Built-in functions : stop function

stop function


Input: is a number (real or integer) of your choice

Result: None (see text)

When executed, this function halts execution of the model, and produces the following error message:

Simile ran into a problem trying to run this model.

While it was trying to calculate the value of variable

var (node x) during execution of the model at

time t, there was a user-defined interruption: n.

It is useful to define error conditions where you (the model designer) know that the model should not be used or is not applicable for some reason. Trivially, it can be used to guard against mathematical errors, for example:

if (time()-50) != 0 then 1/(time()-50) else stop(5)

This form has some merit when running in C++, but generally, to track down mathematical errors, it is easier to debug in Tcl. If execution in Tcl would take too long, then this is a useful alternative. Its primary use however, is to enable you to catch out-of-range conditions in the specific circumstances of your model.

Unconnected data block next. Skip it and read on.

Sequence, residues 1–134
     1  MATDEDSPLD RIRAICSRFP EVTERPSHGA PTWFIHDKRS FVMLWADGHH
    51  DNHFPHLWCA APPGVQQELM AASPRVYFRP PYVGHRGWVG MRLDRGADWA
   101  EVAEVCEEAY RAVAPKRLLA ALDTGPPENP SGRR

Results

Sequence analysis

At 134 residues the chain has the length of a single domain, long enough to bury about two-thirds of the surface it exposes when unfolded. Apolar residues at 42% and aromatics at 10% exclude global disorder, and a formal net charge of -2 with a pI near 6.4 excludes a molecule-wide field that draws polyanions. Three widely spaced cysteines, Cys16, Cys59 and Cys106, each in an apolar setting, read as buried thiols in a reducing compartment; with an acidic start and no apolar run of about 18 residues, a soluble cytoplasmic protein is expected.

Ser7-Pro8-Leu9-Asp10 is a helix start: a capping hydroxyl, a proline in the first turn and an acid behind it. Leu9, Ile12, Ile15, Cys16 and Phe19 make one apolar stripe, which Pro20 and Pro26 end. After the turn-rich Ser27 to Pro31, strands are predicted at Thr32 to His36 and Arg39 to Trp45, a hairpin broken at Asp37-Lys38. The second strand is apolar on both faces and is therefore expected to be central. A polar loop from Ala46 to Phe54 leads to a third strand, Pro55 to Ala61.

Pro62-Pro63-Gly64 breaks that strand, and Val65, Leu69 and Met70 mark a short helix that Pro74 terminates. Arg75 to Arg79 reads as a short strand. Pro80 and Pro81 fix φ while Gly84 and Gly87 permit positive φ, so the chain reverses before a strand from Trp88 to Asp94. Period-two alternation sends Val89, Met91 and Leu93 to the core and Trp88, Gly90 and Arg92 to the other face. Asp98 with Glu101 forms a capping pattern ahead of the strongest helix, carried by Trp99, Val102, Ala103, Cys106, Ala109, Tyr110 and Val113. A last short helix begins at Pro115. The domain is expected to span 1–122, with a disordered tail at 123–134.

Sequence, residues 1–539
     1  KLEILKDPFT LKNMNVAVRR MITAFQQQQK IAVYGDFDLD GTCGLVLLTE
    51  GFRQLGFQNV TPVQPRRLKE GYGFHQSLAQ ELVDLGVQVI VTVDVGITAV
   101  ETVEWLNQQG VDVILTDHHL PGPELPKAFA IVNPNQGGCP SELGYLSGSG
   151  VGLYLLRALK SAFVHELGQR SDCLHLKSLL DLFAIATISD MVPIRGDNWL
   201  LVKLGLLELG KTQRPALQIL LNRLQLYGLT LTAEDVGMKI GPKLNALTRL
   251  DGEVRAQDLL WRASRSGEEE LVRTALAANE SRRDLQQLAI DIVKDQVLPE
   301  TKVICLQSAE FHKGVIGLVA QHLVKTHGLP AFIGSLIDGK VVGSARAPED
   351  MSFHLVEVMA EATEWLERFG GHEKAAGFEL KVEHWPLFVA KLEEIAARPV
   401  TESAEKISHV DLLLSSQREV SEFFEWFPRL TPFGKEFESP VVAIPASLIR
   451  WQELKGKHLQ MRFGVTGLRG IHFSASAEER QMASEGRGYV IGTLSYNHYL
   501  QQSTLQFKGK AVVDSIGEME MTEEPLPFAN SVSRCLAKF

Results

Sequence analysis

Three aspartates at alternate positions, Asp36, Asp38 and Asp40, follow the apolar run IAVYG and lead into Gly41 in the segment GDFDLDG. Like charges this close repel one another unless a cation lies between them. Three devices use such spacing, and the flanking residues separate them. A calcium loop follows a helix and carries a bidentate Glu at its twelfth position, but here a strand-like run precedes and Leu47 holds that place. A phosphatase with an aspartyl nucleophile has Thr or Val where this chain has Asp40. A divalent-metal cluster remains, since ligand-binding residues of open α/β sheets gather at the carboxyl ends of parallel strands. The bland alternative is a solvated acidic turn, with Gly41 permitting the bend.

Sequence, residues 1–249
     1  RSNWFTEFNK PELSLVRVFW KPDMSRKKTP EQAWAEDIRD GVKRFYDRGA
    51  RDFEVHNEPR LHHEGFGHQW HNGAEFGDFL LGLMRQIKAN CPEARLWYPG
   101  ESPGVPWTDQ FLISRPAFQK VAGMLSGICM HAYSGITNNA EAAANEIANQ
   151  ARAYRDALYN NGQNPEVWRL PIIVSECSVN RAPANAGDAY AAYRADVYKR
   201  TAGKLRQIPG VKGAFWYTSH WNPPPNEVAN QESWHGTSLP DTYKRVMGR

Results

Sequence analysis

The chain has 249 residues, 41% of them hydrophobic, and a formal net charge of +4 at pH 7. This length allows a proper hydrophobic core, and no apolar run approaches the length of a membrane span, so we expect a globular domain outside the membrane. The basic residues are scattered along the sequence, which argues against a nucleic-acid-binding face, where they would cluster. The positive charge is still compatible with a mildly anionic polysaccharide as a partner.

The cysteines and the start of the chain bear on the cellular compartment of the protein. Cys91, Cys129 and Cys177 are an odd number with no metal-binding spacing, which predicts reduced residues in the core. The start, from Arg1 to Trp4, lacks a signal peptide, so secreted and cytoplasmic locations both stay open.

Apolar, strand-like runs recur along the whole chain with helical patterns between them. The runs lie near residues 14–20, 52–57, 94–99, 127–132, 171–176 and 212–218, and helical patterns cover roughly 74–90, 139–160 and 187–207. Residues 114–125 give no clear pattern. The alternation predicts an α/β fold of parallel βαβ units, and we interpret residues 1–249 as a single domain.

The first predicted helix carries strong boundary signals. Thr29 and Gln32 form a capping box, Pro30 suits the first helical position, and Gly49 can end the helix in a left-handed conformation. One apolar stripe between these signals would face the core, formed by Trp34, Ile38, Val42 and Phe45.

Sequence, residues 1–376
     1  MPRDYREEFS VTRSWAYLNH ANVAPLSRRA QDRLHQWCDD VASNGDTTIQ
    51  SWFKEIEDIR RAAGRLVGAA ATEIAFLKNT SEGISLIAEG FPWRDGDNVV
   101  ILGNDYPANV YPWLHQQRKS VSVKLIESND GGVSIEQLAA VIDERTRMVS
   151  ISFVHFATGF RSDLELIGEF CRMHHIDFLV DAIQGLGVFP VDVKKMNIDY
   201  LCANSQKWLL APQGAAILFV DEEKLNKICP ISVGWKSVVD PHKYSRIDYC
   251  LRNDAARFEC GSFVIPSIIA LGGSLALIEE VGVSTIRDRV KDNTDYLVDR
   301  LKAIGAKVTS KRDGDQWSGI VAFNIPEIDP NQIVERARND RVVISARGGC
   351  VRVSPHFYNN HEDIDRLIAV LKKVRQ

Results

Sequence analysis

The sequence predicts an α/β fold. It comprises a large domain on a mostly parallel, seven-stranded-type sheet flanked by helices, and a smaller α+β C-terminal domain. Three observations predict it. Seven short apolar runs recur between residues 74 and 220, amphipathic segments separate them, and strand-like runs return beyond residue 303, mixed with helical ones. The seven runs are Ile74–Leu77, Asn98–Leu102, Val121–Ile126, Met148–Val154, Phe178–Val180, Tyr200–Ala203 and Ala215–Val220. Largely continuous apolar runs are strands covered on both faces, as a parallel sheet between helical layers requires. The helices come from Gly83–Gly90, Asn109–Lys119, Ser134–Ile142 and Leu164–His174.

The use of an error code in the user-defined interruption (e.g. stop(13) ) enables you to see which stop( ) function caused the model to stop running, if there is more than one in your model.

Result is undefined, because simulation stops at the point at which the function is called, but has integer type (this is important because if it is called in a conditional, the other branch of the conditional must also have a numerical type).


if population>50 then stop(1) else 0

if (time()-50) != 0 then 1/(time()-50) else stop(5)

In: Contents >> Working with equations >> Functions >> Built-in functions